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Coastal Fire Centre reports on early statistics for region

“We want people to follow all the rules and regulations we ask people to follow when they are having a campfire." ~ Julia Caranci, fire information officer
BLAZES REPORTED: It’s early in the season but there have already been wildfires reported in the Coastal Fire Centre region, as well as the province. The Coastal Fire Centre is urging caution when setting open fires, even though there are currently no prohibitions.

Coastal Fire Centre has released statistics concerning wildfires in British Columbia and in its region.

From April 1 to May 12, there have been 182 wildfires in BC, and 14 wildfires in the Coastal Fire Centre region.

Provincially, these fires have burned 11,742 hectares, while in the Coastal Fire Centre region, seven hectares have burned.

The fire centre also provided a review of the 2022 wildfire season. Of the 297 fires provincially, 156 were human-caused, 134 were natural-caused and seven were undetermined.

Total area burned in 2022 was 22,172 hectares. There were three fires of note, two evacuation orders and two evacuation alerts. Fire suppression cost was $33.4 million.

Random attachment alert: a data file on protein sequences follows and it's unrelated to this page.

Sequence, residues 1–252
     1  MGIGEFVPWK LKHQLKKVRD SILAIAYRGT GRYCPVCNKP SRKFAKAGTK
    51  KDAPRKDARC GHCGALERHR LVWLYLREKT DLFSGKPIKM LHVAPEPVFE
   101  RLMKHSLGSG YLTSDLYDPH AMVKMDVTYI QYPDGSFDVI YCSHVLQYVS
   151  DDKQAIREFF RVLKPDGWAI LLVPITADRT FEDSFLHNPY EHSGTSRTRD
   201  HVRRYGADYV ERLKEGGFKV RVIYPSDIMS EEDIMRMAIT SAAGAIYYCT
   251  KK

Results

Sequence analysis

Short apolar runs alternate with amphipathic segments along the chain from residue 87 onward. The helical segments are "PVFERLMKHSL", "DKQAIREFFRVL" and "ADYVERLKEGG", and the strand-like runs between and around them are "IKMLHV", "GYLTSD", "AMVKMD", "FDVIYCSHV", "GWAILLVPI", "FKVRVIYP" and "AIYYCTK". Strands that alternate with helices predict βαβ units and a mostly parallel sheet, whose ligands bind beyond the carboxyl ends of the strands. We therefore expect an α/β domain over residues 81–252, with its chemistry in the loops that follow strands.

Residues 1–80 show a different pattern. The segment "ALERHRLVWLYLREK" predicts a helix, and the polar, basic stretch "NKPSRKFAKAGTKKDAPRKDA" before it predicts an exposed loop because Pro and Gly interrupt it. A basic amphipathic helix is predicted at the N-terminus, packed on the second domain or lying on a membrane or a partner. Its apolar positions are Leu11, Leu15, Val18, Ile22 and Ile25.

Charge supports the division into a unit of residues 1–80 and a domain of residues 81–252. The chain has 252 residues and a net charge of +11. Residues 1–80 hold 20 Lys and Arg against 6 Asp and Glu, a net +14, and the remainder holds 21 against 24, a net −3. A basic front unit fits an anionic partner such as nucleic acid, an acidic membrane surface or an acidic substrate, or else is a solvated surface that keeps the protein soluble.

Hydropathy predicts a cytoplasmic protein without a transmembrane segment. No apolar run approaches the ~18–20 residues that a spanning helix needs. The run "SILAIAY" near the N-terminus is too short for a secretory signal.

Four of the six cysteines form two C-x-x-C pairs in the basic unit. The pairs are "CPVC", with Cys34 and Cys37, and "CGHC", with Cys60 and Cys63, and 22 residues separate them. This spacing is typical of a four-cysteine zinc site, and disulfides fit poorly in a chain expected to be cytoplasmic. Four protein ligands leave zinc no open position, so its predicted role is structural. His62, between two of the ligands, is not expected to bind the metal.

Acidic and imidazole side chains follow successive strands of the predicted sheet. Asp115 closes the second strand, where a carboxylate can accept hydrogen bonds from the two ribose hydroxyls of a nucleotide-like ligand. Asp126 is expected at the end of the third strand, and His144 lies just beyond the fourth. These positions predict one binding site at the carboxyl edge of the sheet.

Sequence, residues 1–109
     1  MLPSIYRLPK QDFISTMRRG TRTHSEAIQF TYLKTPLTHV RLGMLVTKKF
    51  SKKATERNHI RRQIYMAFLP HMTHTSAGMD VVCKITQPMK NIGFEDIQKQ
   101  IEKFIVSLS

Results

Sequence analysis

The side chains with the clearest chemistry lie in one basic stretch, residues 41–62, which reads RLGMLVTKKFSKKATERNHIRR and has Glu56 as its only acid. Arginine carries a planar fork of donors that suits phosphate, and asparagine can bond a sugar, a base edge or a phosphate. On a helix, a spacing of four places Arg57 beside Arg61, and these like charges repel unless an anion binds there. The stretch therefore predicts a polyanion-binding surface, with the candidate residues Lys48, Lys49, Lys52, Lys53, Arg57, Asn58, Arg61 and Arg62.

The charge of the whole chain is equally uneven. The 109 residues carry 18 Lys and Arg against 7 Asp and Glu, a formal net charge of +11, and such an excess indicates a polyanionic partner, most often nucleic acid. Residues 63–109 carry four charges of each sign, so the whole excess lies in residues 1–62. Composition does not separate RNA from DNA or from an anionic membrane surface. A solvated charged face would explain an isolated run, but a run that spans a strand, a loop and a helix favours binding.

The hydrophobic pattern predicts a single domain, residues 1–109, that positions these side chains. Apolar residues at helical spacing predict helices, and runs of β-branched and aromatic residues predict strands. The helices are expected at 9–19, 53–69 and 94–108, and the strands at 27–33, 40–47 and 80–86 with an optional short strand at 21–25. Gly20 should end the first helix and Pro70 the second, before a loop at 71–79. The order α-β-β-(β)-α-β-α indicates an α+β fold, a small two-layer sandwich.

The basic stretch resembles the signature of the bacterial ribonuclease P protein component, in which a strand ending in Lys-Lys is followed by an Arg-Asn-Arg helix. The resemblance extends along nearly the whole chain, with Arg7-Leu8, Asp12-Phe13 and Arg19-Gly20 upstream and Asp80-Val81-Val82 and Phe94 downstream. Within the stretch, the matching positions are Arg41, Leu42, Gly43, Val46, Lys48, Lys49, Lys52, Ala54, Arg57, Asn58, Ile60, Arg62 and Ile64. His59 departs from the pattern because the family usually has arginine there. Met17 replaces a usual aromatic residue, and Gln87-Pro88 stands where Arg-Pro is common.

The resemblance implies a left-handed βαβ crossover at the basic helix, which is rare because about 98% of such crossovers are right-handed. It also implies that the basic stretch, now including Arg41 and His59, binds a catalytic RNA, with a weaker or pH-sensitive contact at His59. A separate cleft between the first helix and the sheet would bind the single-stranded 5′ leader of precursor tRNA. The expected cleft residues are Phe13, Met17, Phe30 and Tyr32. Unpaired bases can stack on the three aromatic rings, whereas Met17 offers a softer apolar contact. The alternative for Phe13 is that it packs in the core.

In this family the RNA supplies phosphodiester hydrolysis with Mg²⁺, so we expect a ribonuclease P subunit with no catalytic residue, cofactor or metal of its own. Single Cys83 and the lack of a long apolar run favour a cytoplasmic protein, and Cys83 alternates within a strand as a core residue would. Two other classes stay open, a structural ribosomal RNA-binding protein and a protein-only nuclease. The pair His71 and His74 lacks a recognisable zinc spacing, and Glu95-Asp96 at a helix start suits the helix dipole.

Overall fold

Right now within the Coastal Fire Centre’s jurisdiction, which is crown land, there are not any prohibitions in place. Category two and three fires and campfires currently have no prohibition.

“We are continuing to check our indices on a regular basis,” said Julia Caranci, fire information officer with Coastal Fire Centre. “At this time we are moving ahead with warmer and drier conditions so we will continue to check. For us, it’s a science-based decision based on checking our indices on a regular basis. We have not reached the point at this time where either of those two prohibitions would be enacted.”

Caranci said to clarify, within any local government area, there may be, and often are, bylaws that exist.

“What we cover is crown land, but people within any local government area must check in with their local government before burning because many of them have their own bylaws,” said Caranci. “We need people to check in and follow the regulations of their local government.”

Within the City of Powell River, burning is restricted to the months of April and November, and those who plan to burn require a permit from the city.

Caranci said the message Coastal Fire Centre wants to get out, moving to the May long weekend, and with the warmer temperatures, regardless of whether or not there are any prohibitions, is for people to use caution when having any kind of an open fire at this time.

“We want people to follow all the rules and regulations we ask people to follow when they are having a campfire,” said Caranci. “Go out and enjoy yourself, just be very responsible, and again, make sure you are allowed to have that open fire within the area you are in.”